It could be years, in fact, before anyone knows for sure. And although no one is officially making predictions, a clue has emerged in recent weeks: $12 million from sale proceeds have been funneled into an escrow account with the county’s name on it.
The sale price itself was nearly 2.5 times that — around $29 million. But that figure is somewhat meaningless.
The real question is what’s left after all the loans, debts, bills and lingering liabilities are paid off.
Around $10 million was taken off the top of the $28 million sale to pay outstanding loans and lines of credit. Another $1 million was paid to WestCare, stemming from a gentlemen’s agreement intended to mollify the medical community in Jackson so they wouldn’t throw a wrench in the sale negotiations.
And then came the payoff of equipment leases, utility bills for the prior month, and invoices for medical supplies. Haywood, not Duke LifePoint, is responsible for any costs incurred before the changing of the guard — from cafeteria food to surgery instruments.
Settling up all those invoices and bills could take a year or more, and will continue to whittle away at what’s left over from the sale price. A special account has been set up to manage these payments.
“There was several million set aside to do the wind-up business,” explained Haywood County Manager Ira Dove.
County commissioners this week voted to hire an accounting firm and hospital finance consultant to handle the account.
“Someone needs to oversee the receipts and expenditure of funds,” Dove said.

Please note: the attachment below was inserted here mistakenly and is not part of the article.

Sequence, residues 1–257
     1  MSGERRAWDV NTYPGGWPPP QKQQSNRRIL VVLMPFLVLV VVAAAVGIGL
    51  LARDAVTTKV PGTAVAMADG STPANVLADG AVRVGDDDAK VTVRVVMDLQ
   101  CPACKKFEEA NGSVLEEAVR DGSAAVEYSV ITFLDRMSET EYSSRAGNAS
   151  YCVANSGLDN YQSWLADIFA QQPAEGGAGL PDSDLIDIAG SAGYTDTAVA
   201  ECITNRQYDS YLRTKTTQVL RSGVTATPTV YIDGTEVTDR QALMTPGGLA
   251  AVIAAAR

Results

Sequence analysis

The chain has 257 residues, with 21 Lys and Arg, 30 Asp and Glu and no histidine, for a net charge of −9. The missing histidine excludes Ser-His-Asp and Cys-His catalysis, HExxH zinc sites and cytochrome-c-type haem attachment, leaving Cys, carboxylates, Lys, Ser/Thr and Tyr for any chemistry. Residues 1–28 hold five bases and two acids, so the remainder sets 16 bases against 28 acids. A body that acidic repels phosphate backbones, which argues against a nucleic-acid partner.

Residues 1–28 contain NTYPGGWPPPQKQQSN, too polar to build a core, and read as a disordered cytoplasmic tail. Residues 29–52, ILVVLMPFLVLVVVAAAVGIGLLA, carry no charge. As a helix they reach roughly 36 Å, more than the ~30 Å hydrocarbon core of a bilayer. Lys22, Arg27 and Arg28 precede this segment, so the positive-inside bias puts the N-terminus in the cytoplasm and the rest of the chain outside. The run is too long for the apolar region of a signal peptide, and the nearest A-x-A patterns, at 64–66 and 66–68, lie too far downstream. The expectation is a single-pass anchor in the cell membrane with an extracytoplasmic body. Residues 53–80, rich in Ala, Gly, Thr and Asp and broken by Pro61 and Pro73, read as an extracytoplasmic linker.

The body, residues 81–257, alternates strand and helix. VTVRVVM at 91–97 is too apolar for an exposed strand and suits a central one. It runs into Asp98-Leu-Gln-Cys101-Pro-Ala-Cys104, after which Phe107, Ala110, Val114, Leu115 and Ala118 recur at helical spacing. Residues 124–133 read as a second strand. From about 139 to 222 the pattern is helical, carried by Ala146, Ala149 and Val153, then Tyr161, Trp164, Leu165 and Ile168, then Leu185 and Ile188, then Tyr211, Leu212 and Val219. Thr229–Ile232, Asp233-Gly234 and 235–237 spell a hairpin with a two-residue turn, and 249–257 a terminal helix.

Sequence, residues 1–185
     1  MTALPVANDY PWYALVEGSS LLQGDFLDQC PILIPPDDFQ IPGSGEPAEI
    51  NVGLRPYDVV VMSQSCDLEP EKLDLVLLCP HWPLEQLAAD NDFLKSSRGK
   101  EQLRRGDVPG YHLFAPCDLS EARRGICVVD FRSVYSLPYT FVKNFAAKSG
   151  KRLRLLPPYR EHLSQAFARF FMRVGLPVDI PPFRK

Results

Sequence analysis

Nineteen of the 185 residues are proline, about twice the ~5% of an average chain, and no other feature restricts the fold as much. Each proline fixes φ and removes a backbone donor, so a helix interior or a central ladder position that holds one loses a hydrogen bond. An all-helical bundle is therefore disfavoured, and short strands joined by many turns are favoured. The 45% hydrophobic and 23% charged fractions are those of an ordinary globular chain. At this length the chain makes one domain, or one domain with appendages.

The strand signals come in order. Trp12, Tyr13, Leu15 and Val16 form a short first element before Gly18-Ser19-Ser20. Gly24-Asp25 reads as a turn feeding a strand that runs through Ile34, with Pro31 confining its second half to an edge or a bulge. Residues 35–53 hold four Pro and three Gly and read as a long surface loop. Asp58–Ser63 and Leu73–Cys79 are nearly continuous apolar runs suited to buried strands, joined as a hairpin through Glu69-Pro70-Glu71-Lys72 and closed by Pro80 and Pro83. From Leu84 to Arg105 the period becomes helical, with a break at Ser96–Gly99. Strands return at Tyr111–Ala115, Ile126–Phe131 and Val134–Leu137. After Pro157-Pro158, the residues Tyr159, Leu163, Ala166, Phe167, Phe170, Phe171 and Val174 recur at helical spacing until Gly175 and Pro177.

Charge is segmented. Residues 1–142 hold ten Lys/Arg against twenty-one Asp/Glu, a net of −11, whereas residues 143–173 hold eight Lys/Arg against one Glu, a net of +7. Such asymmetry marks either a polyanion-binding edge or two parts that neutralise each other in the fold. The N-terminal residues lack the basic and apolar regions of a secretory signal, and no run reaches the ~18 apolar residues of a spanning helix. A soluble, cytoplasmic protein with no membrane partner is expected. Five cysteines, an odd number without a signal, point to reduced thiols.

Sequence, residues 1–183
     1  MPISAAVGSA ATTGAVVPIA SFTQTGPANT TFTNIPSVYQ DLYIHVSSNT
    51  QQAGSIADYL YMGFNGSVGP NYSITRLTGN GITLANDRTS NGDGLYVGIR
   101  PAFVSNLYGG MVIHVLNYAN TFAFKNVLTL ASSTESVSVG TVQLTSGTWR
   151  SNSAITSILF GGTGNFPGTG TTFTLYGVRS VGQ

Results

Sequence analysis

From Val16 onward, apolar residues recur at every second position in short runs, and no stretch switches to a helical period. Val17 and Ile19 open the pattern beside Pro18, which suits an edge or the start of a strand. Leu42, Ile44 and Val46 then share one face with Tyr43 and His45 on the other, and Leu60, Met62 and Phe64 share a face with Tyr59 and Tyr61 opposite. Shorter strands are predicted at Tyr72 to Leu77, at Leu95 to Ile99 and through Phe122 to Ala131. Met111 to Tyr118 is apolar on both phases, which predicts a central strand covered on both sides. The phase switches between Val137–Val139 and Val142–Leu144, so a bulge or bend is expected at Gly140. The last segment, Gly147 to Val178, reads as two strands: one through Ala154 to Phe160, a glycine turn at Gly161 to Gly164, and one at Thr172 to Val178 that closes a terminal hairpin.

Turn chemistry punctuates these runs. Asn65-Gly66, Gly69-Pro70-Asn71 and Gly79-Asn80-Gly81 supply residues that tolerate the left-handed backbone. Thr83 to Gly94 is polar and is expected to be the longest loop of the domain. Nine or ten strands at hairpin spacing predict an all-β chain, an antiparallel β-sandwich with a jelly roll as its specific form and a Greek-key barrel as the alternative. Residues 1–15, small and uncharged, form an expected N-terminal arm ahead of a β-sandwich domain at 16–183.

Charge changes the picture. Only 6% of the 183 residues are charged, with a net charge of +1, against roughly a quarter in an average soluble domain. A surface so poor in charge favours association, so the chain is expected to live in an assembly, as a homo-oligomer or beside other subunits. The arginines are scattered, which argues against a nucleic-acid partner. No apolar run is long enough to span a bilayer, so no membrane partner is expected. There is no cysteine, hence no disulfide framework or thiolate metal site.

Dove said the county has a “vested interest” in how the account is managed, since whatever is left over is what the county ultimately gets.
The county chose Dixon Hughes Goodman as its financial services firm and consultant Rick Hudson, a former hospital CEO from Wilson in eastern North Carolina. Hudson handled the so-called “windup” affairs of the hospital there following its sale, and thus knows the ins-and-outs of a truing up the balance sheet of a hospital that’s changed hands.
“I think it is a marriage of unique talents and qualifications,” County Commissioner Chairman Mark Swanger said of the team.
A county-appointed Haywood Health Authority will look over their shoulder, an entity comprised in large part by members of the former hospital board.
But, separate and apart from the wind-up fund, $12 million in sale proceeds was placed into an escrow account.
Although the details of how that figure was arrived at aren’t being shared, someone, somewhere, at some point along the line, had to decide how much to put in that escrow account.
It likely reflects someone’s best guess of how much could be left over at the end of the day. It will remain encumbered for up to six years, however, and isn’t untouchable. It could get tapped in the event of a malpractice lawsuit, employee grievance, billing error or other issue that predates the hospital’s sale.
Aside from the several million dollar account set up to handle the windup business, and aside from the $12 million in escrow, there’s yet another pot of money set aside — $2 million that’s in a purgatory of sorts. It will provide a cushion if the amount in the windup account isn’t enough, without having to go through the legal maneuvers of tapping the larger escrow.
County commissioners have publicly signaled their intention to place the final proceeds of the sale into a trust fund earmarked for health and wellness initiatives.